Top Songs With ‘Burning’ In The Title
Lyrics about the fire can refer to actual flames, but they can also be symbolic of a raging passion, a requirement, a desire, or even a fire within the soul.
This list is not arranged in any particular order by me. The first ten of these songs are my favorites at the moment, and they are listed in date order, with the most recent songs appearing first in this list. The tracks in the table at the bottom are listed in chronological sequence, going from the oldest to the most recent releases.
1. “Burning Heart” by Survivor
Survivor’s “Burning Heart” is almost certainly going to be the first song that comes to anyone’s mind when they are asked to mention songs with burning in the title.
This is the movie’s theme song, and it works perfectly with the plot of Rocky IV. The film’s protagonist, a boxer from the United States, faces off against a Russian opponent. And Hollywood being Hollywood at the time, these characters are more or less blatant personifications of capitalist vs. communist ideologies and the beef between the United States and Russia during the Cold War.
And these are the ideas that the song immediately dives into. For instance, “two worlds” are colliding in this situation. In reality, they are “hostile states” to one another.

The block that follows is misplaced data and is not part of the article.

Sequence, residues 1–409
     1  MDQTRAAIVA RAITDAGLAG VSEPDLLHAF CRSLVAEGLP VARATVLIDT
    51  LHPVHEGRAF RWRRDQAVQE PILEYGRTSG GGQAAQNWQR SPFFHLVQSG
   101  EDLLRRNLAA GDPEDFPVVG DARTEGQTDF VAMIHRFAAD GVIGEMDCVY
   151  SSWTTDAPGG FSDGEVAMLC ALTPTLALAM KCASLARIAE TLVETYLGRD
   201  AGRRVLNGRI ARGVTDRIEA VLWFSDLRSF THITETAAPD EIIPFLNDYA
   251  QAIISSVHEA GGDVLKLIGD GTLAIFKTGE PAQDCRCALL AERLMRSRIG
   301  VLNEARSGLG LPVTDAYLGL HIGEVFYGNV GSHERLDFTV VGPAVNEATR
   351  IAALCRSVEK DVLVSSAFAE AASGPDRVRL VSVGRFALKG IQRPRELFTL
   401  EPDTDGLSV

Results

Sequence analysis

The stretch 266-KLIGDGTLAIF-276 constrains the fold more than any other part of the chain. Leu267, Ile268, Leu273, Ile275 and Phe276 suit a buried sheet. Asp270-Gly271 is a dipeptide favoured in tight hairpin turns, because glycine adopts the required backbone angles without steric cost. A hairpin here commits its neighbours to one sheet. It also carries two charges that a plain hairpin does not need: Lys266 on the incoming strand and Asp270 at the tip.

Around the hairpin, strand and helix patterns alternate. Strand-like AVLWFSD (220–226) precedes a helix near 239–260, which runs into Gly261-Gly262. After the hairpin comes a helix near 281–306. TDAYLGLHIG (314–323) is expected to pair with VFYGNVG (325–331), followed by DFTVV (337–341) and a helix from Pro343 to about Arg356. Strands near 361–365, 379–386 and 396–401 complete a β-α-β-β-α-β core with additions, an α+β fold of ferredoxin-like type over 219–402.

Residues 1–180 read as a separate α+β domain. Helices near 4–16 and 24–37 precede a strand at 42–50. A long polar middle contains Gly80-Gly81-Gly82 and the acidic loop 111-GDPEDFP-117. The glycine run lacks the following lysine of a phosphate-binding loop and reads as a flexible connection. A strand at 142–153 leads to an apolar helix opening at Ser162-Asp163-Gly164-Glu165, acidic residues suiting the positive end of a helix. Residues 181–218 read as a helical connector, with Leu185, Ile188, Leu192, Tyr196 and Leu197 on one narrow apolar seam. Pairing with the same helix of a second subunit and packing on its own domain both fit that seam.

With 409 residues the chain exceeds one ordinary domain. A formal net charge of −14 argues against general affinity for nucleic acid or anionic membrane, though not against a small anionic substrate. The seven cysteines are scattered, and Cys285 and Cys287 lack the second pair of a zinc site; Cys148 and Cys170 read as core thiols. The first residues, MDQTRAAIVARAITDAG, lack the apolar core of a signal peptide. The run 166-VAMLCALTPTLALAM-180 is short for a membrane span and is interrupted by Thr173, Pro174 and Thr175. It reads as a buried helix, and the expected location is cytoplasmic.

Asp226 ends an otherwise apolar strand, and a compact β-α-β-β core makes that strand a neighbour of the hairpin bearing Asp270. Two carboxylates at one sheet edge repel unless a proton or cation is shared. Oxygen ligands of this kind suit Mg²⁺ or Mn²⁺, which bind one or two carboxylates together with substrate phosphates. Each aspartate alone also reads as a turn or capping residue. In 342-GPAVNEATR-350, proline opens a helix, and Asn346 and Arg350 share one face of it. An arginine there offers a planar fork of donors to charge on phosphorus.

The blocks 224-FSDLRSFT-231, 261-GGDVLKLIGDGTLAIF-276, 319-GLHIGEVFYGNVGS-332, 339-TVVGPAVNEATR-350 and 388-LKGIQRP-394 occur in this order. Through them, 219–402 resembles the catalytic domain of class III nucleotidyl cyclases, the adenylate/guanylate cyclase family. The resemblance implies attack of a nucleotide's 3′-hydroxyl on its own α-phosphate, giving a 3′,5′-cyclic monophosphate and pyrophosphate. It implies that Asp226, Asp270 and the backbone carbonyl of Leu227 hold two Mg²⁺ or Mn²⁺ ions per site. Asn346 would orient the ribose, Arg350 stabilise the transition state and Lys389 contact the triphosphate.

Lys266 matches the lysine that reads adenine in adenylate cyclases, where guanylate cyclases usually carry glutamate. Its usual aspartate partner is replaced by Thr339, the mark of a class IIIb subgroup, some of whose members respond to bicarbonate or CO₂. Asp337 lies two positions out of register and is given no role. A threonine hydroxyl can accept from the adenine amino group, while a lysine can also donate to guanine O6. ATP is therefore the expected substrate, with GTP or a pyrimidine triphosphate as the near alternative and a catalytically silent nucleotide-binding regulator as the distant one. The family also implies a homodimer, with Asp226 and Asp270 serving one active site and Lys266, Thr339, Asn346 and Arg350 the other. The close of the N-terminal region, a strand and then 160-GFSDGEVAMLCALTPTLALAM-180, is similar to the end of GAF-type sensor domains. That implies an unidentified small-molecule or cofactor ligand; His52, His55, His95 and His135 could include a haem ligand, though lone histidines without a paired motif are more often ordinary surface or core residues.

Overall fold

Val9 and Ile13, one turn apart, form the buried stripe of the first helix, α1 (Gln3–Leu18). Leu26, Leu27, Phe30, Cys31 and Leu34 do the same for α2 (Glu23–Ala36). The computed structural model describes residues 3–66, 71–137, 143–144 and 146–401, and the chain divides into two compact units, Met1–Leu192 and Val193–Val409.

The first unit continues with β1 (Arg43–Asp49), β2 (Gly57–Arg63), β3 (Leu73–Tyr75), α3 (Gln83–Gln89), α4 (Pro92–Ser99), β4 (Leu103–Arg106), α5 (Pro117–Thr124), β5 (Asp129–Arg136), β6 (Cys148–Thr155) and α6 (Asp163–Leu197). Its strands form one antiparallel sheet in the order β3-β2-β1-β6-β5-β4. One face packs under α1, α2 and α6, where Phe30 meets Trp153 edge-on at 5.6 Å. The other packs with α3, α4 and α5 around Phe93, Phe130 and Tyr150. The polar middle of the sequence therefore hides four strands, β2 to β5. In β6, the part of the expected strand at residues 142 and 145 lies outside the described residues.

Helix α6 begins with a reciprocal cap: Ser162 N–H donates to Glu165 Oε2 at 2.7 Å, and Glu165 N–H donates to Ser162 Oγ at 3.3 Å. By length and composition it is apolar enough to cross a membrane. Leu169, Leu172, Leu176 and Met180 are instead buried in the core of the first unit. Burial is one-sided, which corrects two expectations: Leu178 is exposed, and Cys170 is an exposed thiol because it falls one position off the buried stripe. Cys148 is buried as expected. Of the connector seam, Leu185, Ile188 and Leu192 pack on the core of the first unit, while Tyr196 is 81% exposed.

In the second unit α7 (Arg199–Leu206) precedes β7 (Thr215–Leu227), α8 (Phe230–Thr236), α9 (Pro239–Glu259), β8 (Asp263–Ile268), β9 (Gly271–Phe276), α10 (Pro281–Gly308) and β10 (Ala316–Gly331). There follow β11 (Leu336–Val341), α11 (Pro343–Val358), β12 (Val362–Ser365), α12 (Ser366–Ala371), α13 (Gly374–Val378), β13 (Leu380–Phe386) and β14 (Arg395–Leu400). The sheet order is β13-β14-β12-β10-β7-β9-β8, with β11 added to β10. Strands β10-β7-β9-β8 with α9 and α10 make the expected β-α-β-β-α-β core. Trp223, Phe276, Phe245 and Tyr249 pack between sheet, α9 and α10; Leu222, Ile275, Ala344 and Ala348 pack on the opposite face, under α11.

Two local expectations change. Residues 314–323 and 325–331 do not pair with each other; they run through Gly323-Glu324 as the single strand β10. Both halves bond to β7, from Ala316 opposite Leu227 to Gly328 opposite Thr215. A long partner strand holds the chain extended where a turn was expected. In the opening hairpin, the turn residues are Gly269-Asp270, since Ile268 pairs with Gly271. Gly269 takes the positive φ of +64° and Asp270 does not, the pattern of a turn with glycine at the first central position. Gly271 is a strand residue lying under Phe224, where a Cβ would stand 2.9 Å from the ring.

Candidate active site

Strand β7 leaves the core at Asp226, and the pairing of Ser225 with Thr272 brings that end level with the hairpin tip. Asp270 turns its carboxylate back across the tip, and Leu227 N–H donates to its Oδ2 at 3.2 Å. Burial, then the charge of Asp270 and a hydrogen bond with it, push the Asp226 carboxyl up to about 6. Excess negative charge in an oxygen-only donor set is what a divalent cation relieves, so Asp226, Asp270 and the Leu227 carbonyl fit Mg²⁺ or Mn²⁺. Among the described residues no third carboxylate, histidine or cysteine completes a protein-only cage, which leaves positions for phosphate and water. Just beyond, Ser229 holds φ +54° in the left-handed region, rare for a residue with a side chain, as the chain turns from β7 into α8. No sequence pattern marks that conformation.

With “so much at stake” and “our freedom being up against the ropes,” we can see that whatever is happening is extremely dangerous (with the latter statement being the only lyrical indication that this song is actually about a boxing match).
That is to say, the stakes of the contest depicted therein are high enough that the singer doubts the “crowd” fully grasps them. He wonders if it’s just “man against man,” or if it’s more accurately “East versus West.” To rephrase, these two men fighting represent entire regions.
2. “Beds Are Burning” by Midnight Oil
We can confidently say that the primary message of Midnight Oil’s “Beds Are Burning” is to get involved in social causes. In particular, it is an Australian band’s contribution, and its emotional core is the plight of Australia’s indigenous peoples.
You have to understand that the aborigines of Australia, like many other indigenous peoples around the world, have been oppressed by European settlers. Among other injustices, this includes being forced to leave their homes and farms.
Therefore, many of the lyrics used in this song point to the idea of the White population of Australia giving back, if you will, to the aborigines, such as Midnight Oil calling on the audience “to pay the rent.” That is to say, Midnight Oil has been a vocal supporter of indigenous peoples’ struggles for economic autonomy and self-determination.
Because of this, when heard in the chorus, the title is likely misunderstood. They see it as a commentary on the insensitivity of the ruling elite (those of European descent) to the plight of indigenous people. Rob Hirst (of Midnight Oil), who also contributed to “Beds Are Burning,” claims this is not the case. This is one of the songs wih burning in the title that reflects on a lot of things.
3. “Burning Memories” by Machine Gun Kelly (ft. Lil Skies)